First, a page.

The Reformed Wesleyan, Part 1

Enjoying the Journey

Last year (2010) I was invited by a friend to attend a minister’s meeting in another town. It was an interesting assortment of folks. This group was made up of pastors in our local area. I was the only participant from the Wesleyan tradition. All the others were senior pastors of their churches and I the sole youth pastor. Did I mention that they were all Baptists? The name on the front of a church has never really mattered to me, but it is amazing how these distinctions can create boundaries between people.

I felt (and still do feel) a strong affinity to those guys because I grew up the eldest son of a Baptist minister.  He was also a military chaplain which imprinted in my mind an informal concept of church structure that has always remained.  I may talk about this in later posts, but for me the hierarchical nature of the military appealed to me as I was growing up.  This led to me feeling very comfortable and “at home” within the Methodist church when God opened that door in the fall of 2006.  While the structure of the Methodist church appeals to me, its principles and theological history has also been instructive over the last few years. (Which is why I bring it up and why I see myself as a Methodist.)  John Wesley was an amazing individual. I will definitely be writing about him and what he had and has to teach the Church of today.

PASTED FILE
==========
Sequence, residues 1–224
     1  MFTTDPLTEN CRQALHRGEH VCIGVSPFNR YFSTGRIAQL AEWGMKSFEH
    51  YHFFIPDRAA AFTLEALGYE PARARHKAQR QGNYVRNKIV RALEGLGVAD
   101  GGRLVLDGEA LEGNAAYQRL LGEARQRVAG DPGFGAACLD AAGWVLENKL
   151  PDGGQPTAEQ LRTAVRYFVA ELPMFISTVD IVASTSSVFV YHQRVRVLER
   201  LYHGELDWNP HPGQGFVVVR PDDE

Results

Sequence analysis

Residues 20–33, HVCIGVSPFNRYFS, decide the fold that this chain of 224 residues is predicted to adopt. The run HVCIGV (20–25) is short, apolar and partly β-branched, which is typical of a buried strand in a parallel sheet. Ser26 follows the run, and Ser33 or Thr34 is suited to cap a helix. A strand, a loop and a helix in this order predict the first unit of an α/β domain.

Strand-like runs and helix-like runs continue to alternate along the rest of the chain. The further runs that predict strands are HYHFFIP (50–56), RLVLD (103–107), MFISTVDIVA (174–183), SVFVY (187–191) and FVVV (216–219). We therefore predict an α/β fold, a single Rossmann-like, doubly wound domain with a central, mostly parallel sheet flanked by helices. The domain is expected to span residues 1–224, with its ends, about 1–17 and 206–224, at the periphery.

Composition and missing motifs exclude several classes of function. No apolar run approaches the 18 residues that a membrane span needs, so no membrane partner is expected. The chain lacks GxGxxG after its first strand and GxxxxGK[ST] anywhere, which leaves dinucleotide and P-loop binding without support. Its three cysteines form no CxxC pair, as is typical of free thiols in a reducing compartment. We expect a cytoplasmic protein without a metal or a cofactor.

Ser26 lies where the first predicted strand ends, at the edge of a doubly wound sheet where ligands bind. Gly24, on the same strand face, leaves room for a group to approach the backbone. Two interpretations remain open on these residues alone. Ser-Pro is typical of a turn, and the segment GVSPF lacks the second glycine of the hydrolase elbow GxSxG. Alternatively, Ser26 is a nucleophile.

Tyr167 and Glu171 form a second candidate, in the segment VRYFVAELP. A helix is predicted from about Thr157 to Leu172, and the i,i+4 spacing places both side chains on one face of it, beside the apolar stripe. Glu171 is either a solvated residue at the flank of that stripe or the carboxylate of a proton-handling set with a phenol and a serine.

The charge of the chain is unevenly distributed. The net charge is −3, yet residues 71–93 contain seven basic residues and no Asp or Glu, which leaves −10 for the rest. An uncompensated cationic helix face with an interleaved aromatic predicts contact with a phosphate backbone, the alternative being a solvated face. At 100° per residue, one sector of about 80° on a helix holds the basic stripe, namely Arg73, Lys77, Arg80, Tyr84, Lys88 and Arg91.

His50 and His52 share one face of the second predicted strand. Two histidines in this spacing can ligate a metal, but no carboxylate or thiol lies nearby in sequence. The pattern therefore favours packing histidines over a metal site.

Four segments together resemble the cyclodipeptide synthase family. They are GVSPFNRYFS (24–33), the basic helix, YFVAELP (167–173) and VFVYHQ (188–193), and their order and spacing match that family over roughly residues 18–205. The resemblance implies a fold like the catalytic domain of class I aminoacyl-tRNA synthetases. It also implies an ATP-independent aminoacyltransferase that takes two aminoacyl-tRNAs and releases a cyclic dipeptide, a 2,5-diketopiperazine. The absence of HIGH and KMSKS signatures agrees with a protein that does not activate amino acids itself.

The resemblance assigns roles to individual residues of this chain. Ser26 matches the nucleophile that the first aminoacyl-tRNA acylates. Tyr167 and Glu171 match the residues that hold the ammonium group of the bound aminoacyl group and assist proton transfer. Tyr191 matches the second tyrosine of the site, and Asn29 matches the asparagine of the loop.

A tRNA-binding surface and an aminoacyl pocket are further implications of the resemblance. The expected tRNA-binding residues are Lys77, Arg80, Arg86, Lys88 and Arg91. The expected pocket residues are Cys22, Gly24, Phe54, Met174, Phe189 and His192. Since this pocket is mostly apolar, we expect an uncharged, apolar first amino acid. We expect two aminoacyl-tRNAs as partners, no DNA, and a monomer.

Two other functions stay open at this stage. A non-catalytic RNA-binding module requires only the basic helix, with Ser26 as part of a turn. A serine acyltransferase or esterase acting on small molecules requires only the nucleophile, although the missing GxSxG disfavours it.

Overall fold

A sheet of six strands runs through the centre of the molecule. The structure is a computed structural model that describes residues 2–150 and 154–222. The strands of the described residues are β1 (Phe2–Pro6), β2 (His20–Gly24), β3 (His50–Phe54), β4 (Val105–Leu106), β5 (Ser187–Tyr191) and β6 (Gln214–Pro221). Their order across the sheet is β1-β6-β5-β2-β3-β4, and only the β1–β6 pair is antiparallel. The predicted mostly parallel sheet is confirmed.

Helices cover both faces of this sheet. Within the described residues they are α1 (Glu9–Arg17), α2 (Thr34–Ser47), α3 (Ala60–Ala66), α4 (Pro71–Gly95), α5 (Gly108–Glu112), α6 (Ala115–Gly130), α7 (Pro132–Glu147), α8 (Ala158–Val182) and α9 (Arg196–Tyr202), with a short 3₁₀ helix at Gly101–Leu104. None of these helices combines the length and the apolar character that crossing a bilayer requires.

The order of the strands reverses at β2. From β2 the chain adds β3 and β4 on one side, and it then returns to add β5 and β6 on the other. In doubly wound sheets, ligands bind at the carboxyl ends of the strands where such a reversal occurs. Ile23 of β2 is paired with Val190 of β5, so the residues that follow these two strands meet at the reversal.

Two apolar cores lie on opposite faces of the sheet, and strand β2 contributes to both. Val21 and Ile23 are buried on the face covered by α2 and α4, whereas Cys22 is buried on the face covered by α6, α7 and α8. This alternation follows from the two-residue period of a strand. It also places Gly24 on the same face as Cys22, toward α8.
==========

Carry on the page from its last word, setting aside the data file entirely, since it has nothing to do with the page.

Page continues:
I think, that to a large extent, we all are the products of our experiences.  We should not be governed by them because some of them may not have been healthy, but they do inform what we believe.  The hard part of this is that there are events, circumstances and experiences that color our perspective and our perception that may need to be amended. By this I am thinking of both positive and negative experiences. What we should do is to take the time to consider and evaluate the impact these experiences have on our choices and beliefs.  Being raised Baptist there are certain “Baptist” traits that I carry with me, i.e., preaching a certain way, primacy of the Bible for faith development, generally more conservative, etc.  But, with each new experience new opportunities for growth happen.  This is the case for me as I have moved out of the Baptist tradition into the Methodist/Wesleyan tradition.

This change has brought some interesting and needed changes to what I believe.  I have realized that I was not as accepting as I once thought.  I jokingly told a friend that, “I used to be judgmental.”  That is just a silly thing to say, but I was trying to describe how my capacity to receive people as they are before I decided how to feel about them has changed. Another area is in the practical application of Gospel convictions.  While I am not saying that Methodists get it right and others don’t, I have found a “structural and organic” approach to living out what one believes in the Methodist church. This is part of the DNA of the church, even if not lived out perfectly everywhere and at all times.  One critique that I have is that there is a lot of emotion, but not enough affection in this work, but that is another subject for another day.

The Worst Methodist Ever!